Feminist Film, African American Political Thought, Legacies of Malcolm X, Reading Female Figures: Antigone, Medea, Cassandra, Theories of Judgment, Politics and Violence.
Political theory : feminist, postcolonial, African American political thought; and Film
Feminism’s Realisms and the Crisis in Critique: Agnès Varda, Chantal Akerman, Catherine Breillat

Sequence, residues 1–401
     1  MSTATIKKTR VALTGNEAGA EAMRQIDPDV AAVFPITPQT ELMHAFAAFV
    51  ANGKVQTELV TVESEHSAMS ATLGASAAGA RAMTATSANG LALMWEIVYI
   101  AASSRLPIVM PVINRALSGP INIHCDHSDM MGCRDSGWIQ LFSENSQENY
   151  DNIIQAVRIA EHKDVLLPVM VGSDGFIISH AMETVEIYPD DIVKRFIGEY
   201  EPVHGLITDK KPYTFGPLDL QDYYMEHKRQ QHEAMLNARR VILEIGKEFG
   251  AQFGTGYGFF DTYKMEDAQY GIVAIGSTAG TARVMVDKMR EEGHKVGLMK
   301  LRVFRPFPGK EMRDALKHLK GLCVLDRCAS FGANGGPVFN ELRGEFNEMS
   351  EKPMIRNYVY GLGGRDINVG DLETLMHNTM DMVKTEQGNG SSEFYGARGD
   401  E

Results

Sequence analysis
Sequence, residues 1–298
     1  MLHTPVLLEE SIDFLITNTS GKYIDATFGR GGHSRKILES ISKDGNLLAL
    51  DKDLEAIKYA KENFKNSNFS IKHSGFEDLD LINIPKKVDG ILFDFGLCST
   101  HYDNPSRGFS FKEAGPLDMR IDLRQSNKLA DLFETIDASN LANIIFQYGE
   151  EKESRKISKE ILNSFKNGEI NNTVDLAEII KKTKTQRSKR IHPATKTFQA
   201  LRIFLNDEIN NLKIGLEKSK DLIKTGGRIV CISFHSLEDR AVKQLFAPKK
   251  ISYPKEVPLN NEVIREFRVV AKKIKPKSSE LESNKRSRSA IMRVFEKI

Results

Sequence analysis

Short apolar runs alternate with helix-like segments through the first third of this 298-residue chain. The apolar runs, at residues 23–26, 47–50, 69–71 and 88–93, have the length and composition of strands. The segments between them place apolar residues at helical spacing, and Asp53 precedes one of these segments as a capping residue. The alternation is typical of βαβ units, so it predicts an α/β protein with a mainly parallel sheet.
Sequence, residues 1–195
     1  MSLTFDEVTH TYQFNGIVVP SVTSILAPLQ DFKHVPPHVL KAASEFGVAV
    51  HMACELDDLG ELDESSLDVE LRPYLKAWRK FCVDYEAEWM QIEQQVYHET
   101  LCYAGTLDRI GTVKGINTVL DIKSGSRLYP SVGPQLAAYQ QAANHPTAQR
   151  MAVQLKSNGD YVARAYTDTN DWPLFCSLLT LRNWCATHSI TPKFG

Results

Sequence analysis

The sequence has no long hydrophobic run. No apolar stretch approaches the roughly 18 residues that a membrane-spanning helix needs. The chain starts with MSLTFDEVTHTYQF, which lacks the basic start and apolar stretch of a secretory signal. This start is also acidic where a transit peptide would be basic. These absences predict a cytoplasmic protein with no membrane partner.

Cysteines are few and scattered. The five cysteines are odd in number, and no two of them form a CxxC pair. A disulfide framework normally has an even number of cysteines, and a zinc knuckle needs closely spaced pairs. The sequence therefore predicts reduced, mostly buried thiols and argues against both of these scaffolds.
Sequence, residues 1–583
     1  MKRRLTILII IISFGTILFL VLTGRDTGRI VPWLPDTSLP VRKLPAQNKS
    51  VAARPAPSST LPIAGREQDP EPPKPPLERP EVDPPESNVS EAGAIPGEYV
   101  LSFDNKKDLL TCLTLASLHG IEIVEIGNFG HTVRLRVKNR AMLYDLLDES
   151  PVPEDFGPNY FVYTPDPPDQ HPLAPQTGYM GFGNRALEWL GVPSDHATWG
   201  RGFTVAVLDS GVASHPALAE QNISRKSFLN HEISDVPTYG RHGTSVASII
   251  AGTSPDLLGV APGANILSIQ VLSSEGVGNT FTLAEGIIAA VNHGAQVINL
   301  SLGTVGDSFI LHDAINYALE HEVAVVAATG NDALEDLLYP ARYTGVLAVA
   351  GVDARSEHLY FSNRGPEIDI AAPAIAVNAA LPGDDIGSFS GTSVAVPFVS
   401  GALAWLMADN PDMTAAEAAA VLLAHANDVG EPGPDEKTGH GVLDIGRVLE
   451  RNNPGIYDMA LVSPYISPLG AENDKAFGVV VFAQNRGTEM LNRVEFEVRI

My current book project situates our current moral and cognitive crises—what we might call our “critique of critique” moment—within the crisis of verisimilitude staged by feminist cinematic practices. Drawing explicit attention to the construction of the real, as these filmmakers do, urges us to rethink how we collectively verify, document, debate, and judge. The three directors I select for my study-- Agnés Varda, Chantal Akerman, and Catherine Breillat—employ aesthetic and technical strategies that I define as feminist realism. Varda (1928--) engages a descriptive and self-reflexive style (in feature and documentary films) to call our awareness to the outsized role of the filmmaker herself; Akerman (1950-2015) employs hyper-realist techniques to stage every-day “real time” interactions and actions of housewives and other “strange” and unforgettable women; Catherine Breillat (1948--) eschews the standard sentimental tricks used to stage romance and instead purports to film “real sex” from a woman’s perspective. Why look at these films now and in this way? As a feminist theorist trained in the field of political science and political theory, I am especially concerned about what our current intellectual crises portend for effective ways to address the resurgence of unabashed masculinism that we are witnessing in Western politics. Situating the technical practices and thematic preoccupations of feminist cinematic auteurs within debates about feminism, technology, and cinema, I gauge how their practices offer a new purchase on old but changing problems concerning truth and mediation, and particularly how they are affected by gender, xenophobia, race, and sex.